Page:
Obama’s pledges $7 billion for African electricity

Forget sequester, forget the deficit, President Obama just pledged $7 billion “in U.S. Government funds” to help combat power blackouts in sub-Saharan Africa. Obama made the announcement while in South Africa, the region with the continent’s largest economy.

While funding will be distributed over a five-year period, the amount seems a bit extreme to underwrite for a country with trillion dollar deficits.

Access to electricity is fundamental to opportunity in this age. It’s the light that children study by, the energy that allows an idea to be transformed into a real business,” Obama said while in Africa. “It’s the lifeline for families to meet their most basic needs, and it’s the connection that’s needed to plug Africa into the grid of the global economy.”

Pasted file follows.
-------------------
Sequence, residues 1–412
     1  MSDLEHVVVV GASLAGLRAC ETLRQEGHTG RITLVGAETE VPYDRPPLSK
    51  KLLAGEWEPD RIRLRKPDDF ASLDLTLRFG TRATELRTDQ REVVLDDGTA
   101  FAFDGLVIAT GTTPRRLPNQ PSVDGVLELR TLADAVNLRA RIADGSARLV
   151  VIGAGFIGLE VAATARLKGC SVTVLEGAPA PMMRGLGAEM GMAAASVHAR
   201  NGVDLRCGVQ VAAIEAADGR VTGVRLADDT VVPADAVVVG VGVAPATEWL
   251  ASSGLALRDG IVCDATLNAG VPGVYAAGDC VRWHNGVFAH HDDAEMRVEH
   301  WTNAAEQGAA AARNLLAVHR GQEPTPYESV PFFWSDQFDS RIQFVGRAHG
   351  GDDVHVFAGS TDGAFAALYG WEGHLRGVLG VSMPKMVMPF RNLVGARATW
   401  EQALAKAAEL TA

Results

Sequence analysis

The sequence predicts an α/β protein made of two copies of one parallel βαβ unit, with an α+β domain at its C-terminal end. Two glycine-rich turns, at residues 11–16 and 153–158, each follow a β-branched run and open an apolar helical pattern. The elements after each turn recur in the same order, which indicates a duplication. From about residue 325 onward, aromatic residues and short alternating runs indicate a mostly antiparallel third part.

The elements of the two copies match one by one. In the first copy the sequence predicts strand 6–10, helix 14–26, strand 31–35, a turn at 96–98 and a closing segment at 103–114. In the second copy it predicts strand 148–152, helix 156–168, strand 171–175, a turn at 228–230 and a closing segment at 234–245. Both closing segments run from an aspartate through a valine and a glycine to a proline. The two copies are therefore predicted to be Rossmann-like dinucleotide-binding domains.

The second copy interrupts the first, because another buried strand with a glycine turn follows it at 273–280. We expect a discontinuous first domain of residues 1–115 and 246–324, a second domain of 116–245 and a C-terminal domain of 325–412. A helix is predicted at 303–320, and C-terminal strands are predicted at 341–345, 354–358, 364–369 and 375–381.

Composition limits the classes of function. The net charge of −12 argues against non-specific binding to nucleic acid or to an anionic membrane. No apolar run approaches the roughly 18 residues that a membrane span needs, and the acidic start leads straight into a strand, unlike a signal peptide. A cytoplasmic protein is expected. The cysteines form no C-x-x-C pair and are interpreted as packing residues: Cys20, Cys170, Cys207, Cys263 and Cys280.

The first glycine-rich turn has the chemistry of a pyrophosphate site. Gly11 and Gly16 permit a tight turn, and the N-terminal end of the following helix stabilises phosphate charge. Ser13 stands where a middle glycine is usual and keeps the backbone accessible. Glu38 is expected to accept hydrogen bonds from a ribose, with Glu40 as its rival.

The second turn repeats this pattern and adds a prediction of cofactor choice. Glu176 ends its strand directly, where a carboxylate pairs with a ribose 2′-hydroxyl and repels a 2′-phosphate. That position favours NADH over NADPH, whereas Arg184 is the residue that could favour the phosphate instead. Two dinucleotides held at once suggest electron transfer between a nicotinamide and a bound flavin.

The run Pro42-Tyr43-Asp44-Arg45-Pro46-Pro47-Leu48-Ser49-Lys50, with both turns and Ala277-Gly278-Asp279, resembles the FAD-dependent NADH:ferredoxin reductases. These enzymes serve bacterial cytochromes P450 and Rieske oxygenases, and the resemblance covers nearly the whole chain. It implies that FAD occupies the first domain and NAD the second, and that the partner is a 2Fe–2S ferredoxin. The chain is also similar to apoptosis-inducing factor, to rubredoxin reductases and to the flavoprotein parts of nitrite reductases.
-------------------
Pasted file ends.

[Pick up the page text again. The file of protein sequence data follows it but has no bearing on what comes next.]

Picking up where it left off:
According to a statement by the White House, “two-thirds of the population of sub-Saharan Africa lacks access to electricity, including more than 85% of those living in rural areas.”

The program includes $1.5 billion from the U.S. Overseas Private Investment Corporation and $5 billion from the Export-Import Bank, according to a report by CNN. Estimates say more than $300 billion will be needed to achieve success in the sub-Saharan African project.

Watch Obama’s comments regarding the investment via CNN here.

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